my mix was 95% embryonal and 5% seminoma...which tend to respond well to chemo...both in terms of ability to kill cancer and ability to shrink solid mass tumors.

    I suppose what I'm saying is it's like the stat sometimes you will see...90% cure rate overall w/testicular cancer...within that, you may have the cure rates that approach 100% with stage I diagnosis versus a lower cure rate with stage III...

    You may just need to wait it out...which is the tough part.
    - lump first noticed 11/20/2005
    - I/O right Dec 8, 2005
    - 95% embryonal / 5% seminoma
    - normal markers PRE surgery
    - no vascular invasion, tunica free of cancer, epididymis free of cancer, lungs free, lymph free
    - Stage I diagnosis
    - surveillance
    - mid feb '06, beta hcg slightly elevated = 4.6...small enlarged lower node seen on CT scan...
    - 3BEP began feb 20, 2006
    - finished 3 BEP, last bleo, april 17, 2006
    - CT scan, blood markers, chest..all clear
    - back on surveillance

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    • #3
      I think your chances of not needing it are very good. My son did not need the RPLND after chemo. He had lymph invasion with only one node involved and that didn't even show up on the CT scan. The reason for the chemo was that his markers did not go down. He is in his second year of surveillance and so far so good. Hopefully, you will be in the "all clear" category. Good luck and keep posting. Dianne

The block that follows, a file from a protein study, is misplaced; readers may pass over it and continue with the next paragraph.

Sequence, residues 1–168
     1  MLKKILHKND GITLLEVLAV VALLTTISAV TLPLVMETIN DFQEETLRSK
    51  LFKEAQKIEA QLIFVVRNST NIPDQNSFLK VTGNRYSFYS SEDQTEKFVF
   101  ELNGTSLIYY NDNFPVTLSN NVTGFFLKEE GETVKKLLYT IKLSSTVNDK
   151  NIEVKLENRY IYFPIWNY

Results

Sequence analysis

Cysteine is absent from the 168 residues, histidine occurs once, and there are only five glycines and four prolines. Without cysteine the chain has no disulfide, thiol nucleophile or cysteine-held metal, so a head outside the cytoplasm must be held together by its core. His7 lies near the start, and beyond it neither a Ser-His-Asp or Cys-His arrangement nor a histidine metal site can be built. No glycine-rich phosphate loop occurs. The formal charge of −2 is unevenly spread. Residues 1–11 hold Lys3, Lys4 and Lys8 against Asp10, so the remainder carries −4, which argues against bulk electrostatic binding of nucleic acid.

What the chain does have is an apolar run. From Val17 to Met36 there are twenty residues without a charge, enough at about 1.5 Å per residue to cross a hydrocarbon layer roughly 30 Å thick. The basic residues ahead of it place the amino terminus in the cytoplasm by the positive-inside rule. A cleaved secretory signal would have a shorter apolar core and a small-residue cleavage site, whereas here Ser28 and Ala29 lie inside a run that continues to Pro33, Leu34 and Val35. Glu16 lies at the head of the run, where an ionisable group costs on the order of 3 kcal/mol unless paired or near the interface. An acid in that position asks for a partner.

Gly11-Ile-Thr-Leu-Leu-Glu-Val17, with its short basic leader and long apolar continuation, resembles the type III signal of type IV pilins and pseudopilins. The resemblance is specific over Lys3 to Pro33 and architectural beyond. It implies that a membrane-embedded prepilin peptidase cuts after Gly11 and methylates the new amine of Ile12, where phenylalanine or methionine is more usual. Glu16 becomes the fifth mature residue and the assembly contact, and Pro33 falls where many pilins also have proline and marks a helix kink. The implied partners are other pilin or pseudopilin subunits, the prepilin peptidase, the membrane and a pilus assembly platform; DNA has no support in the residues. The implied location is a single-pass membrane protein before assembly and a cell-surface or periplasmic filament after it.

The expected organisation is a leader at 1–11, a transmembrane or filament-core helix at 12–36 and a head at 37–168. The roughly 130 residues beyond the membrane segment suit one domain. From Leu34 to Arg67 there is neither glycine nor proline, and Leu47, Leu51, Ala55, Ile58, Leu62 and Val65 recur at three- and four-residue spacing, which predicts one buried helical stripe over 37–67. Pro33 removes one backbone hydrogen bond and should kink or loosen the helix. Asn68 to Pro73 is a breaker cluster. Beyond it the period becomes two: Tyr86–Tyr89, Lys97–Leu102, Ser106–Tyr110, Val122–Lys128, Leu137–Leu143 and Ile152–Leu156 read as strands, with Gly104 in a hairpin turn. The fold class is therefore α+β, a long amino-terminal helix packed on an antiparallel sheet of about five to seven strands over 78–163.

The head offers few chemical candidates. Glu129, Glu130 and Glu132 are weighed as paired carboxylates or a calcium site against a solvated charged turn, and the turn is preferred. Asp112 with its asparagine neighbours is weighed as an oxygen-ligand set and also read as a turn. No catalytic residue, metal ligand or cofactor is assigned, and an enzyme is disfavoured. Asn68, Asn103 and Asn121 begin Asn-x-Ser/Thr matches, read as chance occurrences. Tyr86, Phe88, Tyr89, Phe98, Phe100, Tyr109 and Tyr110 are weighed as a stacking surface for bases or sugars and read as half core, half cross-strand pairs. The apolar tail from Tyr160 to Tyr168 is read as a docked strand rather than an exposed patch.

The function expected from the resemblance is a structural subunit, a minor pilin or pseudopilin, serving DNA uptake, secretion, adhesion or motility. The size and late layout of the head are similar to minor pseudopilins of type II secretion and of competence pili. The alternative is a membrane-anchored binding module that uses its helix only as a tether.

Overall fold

Spouse: I/O 8/80; embryonal, seminoma, teratoma; RPLND 9/80 - no reoccurrence - HRT 8/80; bladder cancer 11/97; reoccurrence: 4X
      Son: I/O 11/04; embryonal, teratoma; VI; 3XBEP; relapse 5/08; RPLND 6/18/08 - path: mature teratoma

      Comment


      • #4
        With no teratoma you should be able to avoid the RPLND. The continued enlargement might be simple scar tissue. Congratulations on your successful treatment.
        Son Jason diagnosed 4/30/04, stage III. Right I/O 4/30/04. Graduated College 5/13/04. 4XEP 6/7/04 - 8/13/04. Full open RPLND 10/13/04. All Clear since.

        Treated by Dr. Rakowski of Midland Park, NJ. Visited Sloan Kettering for protocol advice. RPLND done at Sloan Kettering.

        Comment


        • #5
          ghjones,

          Here's an abstract from some literature I found delving deep into the web. According to this research you've got an average of a 17% chance of an RPLND. Two of the authors are actually treating me at present with 3 x BEP for a 3 cm RP mass.

          I also talked this over with my consultant, because I didn't much fancy an RPLND, but will do whatever is necessary. There appears to be no exact rules, but the amount of mature teratoma (teratoma differentiated) in the primary tumour can effect the chance of a RPLND because it is more likely to be in the secondary tumour. Mature teratoma is unaffected by BEP, because it is not cancerous, but can become so later in life - hence the need to get rid of it.